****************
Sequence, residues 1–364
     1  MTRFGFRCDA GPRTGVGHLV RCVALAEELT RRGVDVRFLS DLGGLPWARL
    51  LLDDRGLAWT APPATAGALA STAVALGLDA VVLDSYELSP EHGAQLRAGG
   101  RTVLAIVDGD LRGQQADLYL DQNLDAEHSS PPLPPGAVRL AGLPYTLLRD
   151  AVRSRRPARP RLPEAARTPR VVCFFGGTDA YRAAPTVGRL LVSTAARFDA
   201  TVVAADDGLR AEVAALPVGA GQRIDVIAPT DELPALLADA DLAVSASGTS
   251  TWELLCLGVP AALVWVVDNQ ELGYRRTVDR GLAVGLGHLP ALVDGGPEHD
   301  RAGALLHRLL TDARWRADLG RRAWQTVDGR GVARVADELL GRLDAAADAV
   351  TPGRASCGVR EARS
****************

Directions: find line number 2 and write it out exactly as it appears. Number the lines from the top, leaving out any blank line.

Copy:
     1  MTRFGFRCDA GPRTGVGHLV RCVALAEELT RRGVDVRFLS DLGGLPWARL